# [6,] "Armstrong" "1"  "1"  "0"  "0"  "0"  "0"  "0"  "0"  "0"   "0"   "0"  
#      [,13] [,14] [,15] [,16] [,17] [,18] [,19]   [,20]
# [1,] "1"   "0"   "138" "0"   "138" "300" "46.00" "132"
# [2,] "6"   "0"   "35"  "0"   "35"  "50"  "70.00" "10" 
# [3,] "3"   "1"   "168" "0"   "168" "279" "60.22" "83" 
# [4,] "0"   "0"   "56"  "73"  "129" "212" "60.85" "62" 
# [5,] "0"   "1"   "26"  "9"   "35"  "48"  "72.92" "0"  
# [6,] "0"   "0"   "2"   "0"   "2"   "8"   "25.00" "0"
tail(data[[2]])
#       [,1]         [,2] [,3] [,4] [,5] [,6] [,7] [,8] [,9] [,10] [,11] [,12]
# [24,] "Brooks"     "15" "1"  "1"  "1"  "0"  "0"  "0"  "0"  "0"   "0"   "0"  
# [25,] "Brooks (P)" "0"  "0"  "0"  "0"  "0"  "0"  "0"  "0"  "164" "0"   "0"  
# [26,] "Brown"      "70" "20" "0"  "7"  "20" "9"  "0"  "2"  "0"   "0"   "3"  
# [27,] "Burleson"   "19" "2"  "0"  "2"  "0"  "3"  "0"  "0"  "0"   "0"   "0"  
# [28,] "Burnet"     "57" "23" "1"  "5"  "9"  "3"  "0"  "1"  "0"   "10"  "1"  
# [29,] "Caldwell"   "89" "4"  "0"  "3"  "2"  "26" "1"  "2"  "19"  "13"  "0"  
#       [,13] [,14] [,15] [,16] [,17] [,18] [,19]   [,20]
# [24,] "0"   "0"   "18"  "0"   "18"  "36"  "50.00" "14" 
# [25,] "0"   "0"   "0"   "408" "408" "652" "62.58" "179"
# [26,] "0"   "2"   "133" "7"   "140" "196" "71.43" "36" 
# [27,] "0"   "1"   "27"  "0"   "27"  "96"  "28.13" "59" 
# [28,] "0"   "0"   "110" "158" "268" "595" "45.04" "268"
# [29,] "3"   "0"   "143" "21"  "164" "301" "54.49" "107"

We’re looking just at the head() and tail() to get the first and last six rows as otherwise we’d print out all 29 rows in that table. When you are exploring your own data, you’ll probably want to be more thorough and ensure that rows around the middle are also correct - but this is a good first pass. If you look at the output we just printed out and compare it to the PDF, you’ll see that the scrape was successful. Every row is where it should be and the columns are correct - unlike when using pdftools(), we have the results already in proper columns.

One thing to note is that this data isn’t in a data.frame format, it’s in a matrix. Matrices are the default output of extract_tables() though you can set it to output a data.frame by setting the parameter output = "data.frame". In our case we actually wouldn’t want that due to the issue of the column names. As shown below, outputting to a data.frame will automatically take the first row of data and convert that to column names. So now we have our first county as the column names, which is not correct. Note too that the function added “X” before the column names that are numbers. That’s because column names cannot start with a number so the function tries to fix it by adding the “X” to the start.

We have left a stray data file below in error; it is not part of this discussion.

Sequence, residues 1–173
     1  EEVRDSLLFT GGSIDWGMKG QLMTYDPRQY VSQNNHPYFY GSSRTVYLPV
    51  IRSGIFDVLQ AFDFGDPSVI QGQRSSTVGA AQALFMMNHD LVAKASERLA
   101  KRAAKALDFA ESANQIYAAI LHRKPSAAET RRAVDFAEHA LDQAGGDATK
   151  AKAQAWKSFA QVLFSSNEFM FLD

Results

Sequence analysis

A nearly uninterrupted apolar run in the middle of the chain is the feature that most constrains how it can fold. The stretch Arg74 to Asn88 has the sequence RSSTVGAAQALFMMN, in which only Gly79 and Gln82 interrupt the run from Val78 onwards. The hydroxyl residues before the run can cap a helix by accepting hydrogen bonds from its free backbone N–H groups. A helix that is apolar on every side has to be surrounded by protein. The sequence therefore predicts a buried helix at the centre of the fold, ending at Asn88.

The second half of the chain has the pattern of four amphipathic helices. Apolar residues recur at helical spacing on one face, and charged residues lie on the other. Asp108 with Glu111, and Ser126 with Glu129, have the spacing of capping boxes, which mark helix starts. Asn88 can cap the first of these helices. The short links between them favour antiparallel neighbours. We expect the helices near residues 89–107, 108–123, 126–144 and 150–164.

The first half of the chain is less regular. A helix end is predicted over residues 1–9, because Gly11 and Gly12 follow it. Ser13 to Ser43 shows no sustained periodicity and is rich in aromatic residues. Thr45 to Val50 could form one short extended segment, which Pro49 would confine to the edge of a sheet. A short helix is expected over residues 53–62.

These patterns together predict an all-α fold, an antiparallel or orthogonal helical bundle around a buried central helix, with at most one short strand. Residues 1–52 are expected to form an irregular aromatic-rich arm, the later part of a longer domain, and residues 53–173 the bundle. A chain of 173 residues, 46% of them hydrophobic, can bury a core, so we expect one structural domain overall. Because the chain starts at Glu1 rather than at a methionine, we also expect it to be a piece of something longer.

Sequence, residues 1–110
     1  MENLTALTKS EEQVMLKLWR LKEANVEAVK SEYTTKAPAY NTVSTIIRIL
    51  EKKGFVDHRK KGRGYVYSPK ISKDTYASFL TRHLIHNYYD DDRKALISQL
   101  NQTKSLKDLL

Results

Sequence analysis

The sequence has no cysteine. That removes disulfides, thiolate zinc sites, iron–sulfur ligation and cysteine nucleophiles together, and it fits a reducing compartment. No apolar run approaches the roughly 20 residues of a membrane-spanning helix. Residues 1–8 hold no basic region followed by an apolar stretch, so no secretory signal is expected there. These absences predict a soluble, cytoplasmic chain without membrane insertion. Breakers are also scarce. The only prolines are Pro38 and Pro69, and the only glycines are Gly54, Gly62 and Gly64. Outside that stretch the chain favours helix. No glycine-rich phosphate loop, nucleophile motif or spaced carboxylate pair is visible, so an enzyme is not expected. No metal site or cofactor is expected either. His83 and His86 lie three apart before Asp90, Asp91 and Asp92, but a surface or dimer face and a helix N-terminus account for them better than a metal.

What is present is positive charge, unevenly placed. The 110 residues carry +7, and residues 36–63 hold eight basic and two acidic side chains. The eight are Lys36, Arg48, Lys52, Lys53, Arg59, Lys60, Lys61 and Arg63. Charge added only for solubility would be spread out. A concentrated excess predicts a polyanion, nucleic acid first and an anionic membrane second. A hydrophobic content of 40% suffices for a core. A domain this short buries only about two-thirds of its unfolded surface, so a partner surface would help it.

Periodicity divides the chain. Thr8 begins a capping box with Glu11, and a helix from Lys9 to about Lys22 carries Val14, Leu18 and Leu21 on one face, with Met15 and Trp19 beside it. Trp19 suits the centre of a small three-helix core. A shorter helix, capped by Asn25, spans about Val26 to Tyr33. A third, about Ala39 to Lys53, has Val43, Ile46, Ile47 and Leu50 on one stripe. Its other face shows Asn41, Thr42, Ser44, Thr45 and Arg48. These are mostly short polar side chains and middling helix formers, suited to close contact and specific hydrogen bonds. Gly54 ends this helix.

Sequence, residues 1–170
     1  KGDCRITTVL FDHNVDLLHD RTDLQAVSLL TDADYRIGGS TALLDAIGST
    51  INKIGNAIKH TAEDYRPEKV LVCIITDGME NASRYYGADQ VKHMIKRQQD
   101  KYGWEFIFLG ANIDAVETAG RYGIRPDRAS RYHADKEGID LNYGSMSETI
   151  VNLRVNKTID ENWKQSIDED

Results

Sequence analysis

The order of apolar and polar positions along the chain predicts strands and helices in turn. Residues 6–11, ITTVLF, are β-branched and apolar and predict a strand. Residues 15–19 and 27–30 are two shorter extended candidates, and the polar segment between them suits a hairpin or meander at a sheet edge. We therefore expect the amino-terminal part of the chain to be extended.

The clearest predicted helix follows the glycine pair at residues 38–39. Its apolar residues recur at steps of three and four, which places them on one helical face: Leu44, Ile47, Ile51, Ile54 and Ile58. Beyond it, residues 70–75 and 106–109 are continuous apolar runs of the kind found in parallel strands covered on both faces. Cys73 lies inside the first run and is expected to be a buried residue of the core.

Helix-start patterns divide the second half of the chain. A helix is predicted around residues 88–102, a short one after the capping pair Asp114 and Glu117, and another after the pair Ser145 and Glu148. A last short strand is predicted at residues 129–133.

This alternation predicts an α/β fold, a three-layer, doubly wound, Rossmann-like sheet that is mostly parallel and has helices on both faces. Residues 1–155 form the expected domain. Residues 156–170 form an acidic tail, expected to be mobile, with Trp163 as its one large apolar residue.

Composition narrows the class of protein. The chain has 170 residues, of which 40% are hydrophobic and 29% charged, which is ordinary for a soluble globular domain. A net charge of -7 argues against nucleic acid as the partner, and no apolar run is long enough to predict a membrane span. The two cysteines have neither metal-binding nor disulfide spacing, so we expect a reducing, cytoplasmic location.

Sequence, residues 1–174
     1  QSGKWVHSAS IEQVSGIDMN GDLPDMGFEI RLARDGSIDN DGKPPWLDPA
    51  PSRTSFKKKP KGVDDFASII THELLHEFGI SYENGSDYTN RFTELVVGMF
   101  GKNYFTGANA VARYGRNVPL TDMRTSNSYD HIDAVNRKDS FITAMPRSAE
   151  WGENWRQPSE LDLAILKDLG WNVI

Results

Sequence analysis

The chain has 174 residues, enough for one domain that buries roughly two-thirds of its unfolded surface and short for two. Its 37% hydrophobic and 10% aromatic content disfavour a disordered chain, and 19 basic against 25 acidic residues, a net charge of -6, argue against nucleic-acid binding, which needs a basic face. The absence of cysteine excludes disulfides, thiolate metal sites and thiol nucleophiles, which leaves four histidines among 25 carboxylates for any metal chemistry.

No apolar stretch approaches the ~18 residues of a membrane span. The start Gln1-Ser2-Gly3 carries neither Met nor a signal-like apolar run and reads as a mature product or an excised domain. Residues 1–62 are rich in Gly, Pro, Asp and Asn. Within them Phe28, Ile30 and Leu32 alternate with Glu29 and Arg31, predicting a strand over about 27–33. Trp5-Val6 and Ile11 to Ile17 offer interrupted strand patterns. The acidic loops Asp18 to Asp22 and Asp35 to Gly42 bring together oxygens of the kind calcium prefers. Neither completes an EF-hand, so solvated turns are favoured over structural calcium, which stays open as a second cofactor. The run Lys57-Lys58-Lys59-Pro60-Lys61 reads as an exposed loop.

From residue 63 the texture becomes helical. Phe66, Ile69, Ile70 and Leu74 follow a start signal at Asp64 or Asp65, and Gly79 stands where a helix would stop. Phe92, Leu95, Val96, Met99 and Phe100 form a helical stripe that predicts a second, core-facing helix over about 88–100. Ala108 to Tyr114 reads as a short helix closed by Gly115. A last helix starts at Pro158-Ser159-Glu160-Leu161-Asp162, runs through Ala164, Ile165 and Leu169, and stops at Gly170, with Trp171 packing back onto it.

data <- extract_tables(file = "data/AbbreRptCurrent.pdf",
                       output = "data.frame")
head(data[[2]])
#    Anderson X81 X13 X3 X1 X5 X12 X1.1 X0 X0.1 X21 X0.2 X1.2 X0.3 X138 X0.4
# 1   Andrews  23  11  0  2  4  11    0  0    0   5    0    6    0   35    0
# 2  Angelina  79  35  4  6  0  14    0  3    0  23    0    3    1  168    0
# 3   Aransas  23  10  0  2  6   7    0  6   73   2    0    0    0   56   73
# 4    Archer  12   3  0  0  1   3    1  1    2   5    0    0    1   26    9
# 5 Armstrong   1   1  0  0  0   0    0  0    0   0    0    0    0    2    0
# 6  Atascosa  54   2  0  8  4  21    0  5    0  29    0    4    0  127   29
#   X138.1 X300 X46.00 X132
# 1     35   50  70.00   10
# 2    168  279  60.22   83
# 3    129  212  60.85   62
# 4     35   48  72.92    0
# 5      2    8  25.00    0
# 6    156  250  62.40   69

Let’s rerun the extract_tables() function, this time keeping it as outputting a matrix.

data <- extract_tables(file = "data/AbbreRptCurrent.pdf")

Since the column names are the same on each page, we can set the names manually. There are 20 columns so this will be a lot of writing, but it’s simpler and quicker than trying to do it programmatically. Since each table will have the same column names, we’ll want to create a vector with the column names to use for every table. Following normal naming conventions, we’ll make everything lowercase, and the only punctuation we’ll use is an underscore.

column_names <- c("county",
                  "pretrial_felons",
                  "conv_felons",
                  "conv_felons_sentence_to_county_jail_time",
                  "parole_violators",
                  "parole_violators_with_a_new_charge",
                  "pretrial_misd",